About the Author:
Playwright David Auburn picked up a Best Play Tony and Pulitzer Prize in 2001 for Proof, his emotionally resonant examination of mathematics and mental illness, but in his latest project, The New York Idea, Auburn finds himself in much more lighthearted territory. Sprucing up a rarely seen 1906 Langdon Mitchell comedy, Auburn breathes new life into the story of a pair of divorced couples in Greenwich Village and their attempts to find love and happiness with different partners. Below, the playwright recounts what attracted him to this screwball-esque comedy (now playing at the Lucille Lortel Theatre in a production mounted by Atlantic Theater Company), and reveals the exciting process of adapting an old play for a modern audience.
When the Atlantic Theater asked me to take a look at The New York Idea, a 1906 comedy by Langdon Mitchell, with the possibility of revising it for a new production, I was intrigued. I’d never heard of the play, which has almost never been revived since its debut. But a little research revealed that it had been a sensation in its day. A comedy of manners from New York’s first gilded age, its frank treatment of divorce among what we now think of as the Edith Wharton set knocked the town on its ear.
Its two female leads were particularly striking: Cynthia, the horse-obsessed heroine, and Vida, a social tornado with the soul of an anarchist. Each iconoclasts, and very funny; great roles for actors. And Mitchell’s world was vivid dramatically too: a milieu of rigid, rule-bound conformity, but one in which the code governing marriage and sex was suddenly in flux, throwing everything into chaos. Yet the play was also extremely long, somewhat unwieldy, and awkwardly plotted. Would it be possible to make something both new and old, true to the period but also speaking to contemporary audiences?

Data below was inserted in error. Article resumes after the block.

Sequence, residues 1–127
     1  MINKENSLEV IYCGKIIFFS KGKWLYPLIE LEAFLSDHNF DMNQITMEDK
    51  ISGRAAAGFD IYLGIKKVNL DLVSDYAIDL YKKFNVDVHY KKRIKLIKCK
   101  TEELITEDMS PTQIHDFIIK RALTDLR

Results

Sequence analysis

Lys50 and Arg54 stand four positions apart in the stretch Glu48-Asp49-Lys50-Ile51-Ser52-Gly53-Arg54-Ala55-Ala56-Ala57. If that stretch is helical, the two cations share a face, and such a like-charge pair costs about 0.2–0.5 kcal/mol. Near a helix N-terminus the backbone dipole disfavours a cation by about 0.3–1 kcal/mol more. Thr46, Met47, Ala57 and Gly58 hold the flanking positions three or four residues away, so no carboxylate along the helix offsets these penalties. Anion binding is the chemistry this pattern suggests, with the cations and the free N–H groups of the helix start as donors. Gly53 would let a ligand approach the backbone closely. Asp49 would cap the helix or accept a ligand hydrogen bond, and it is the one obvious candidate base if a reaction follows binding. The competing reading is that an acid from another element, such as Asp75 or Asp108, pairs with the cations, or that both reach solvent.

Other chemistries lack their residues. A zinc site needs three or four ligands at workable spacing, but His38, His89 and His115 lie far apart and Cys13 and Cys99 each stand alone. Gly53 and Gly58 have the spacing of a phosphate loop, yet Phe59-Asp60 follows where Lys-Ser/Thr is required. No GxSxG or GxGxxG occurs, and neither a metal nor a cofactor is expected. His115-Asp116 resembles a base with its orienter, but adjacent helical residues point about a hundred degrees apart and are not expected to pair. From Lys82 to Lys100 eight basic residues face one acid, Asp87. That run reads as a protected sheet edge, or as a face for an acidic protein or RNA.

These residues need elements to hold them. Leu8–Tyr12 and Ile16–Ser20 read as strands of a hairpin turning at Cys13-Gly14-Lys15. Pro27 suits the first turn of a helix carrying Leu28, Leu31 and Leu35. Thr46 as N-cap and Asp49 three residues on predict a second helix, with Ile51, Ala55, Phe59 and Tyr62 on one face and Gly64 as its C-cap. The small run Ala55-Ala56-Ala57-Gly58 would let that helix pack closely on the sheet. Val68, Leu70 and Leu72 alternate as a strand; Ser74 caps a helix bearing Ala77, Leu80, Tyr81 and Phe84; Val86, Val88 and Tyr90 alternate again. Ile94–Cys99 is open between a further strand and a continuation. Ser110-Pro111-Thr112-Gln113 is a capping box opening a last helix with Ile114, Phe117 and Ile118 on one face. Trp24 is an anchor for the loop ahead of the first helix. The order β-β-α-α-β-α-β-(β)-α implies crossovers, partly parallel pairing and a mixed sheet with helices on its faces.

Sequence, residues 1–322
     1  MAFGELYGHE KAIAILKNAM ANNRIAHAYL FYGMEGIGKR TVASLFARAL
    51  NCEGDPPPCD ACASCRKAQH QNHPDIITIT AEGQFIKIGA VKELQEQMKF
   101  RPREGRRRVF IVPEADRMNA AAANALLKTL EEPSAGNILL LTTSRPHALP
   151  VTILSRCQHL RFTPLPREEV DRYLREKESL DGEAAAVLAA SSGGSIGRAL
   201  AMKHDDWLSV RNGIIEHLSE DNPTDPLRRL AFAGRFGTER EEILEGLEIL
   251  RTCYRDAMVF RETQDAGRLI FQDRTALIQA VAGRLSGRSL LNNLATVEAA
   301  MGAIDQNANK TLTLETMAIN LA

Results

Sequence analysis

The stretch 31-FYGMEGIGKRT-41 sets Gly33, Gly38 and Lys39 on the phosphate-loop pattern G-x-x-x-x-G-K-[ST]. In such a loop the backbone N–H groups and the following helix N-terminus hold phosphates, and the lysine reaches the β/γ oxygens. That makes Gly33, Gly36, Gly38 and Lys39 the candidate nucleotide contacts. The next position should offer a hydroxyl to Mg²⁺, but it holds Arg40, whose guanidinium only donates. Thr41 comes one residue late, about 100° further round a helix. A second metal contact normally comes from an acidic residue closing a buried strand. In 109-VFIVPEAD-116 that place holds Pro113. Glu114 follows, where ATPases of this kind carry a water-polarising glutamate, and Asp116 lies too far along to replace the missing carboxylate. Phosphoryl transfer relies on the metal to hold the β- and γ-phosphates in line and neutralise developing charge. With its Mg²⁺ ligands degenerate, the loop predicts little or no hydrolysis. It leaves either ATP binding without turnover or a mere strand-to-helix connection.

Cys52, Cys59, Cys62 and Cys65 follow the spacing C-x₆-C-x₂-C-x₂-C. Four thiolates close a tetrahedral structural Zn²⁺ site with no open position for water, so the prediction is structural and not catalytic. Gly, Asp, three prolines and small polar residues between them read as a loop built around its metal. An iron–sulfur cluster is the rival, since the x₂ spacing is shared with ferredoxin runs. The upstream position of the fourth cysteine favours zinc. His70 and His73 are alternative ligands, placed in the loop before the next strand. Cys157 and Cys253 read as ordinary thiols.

I broke down the original play, looked at the individual pieces like a puzzle. I took most of Mitchell’s characters and situations, added a few of my own, and built up a new script.
Coming up with a consistent voice was relatively easy. The harder part was the theme. Mitchell felt he had written a polemic about the dangers of easily available divorce; make it too easy, the play says, and flighty and impulsive people (especially women) have nothing to restrain their worst impulses. That didn’t interest me much. I tried to ground my version more solidly in the conflict between the central couple, Cynthia and John. And I looked for ways to underline the instability of everyone in the play—all the characters are scrambling to either hide from or keep up with the changing times, or to stay a step ahead of financial ruin.
An unexpected pleasure of doing the adaptation was getting to work in a different theatrical mode. Writing for 12 characters, for maids and butlers—when does a 21st century playwright get to write “curtain” knowing that an actual curtain will fall? I was also able to try out a more heightened, stylized language than I normally would employ. Vida, who speaks in epigrams and revels in her own superficiality, was particular fun to write. Minimal subtext, I decided when I started the job. These characters mostly say what they mean and do what they say. The comedy comes from their self-awareness and their explicitness about their own desires and insecurities.
Above all, I wanted the play to be fun. Fun to write, fun for the performers and for the audience. I wanted it to give pleasure. I knew the play would be produced during the winter, and I imagined this bright, enjoyable thing glowing in the depths of a New York January. And that’s how The New York Idea has turned out.
If Langdon Mitchell showed up at the Lortel tomorrow, I’d pray he wouldn’t resent too much the liberties I’ve taken with his text. And I’d hope he’d take some satisfaction in knowing that his play is still being performed, more than a century on, in the city that gives it its name.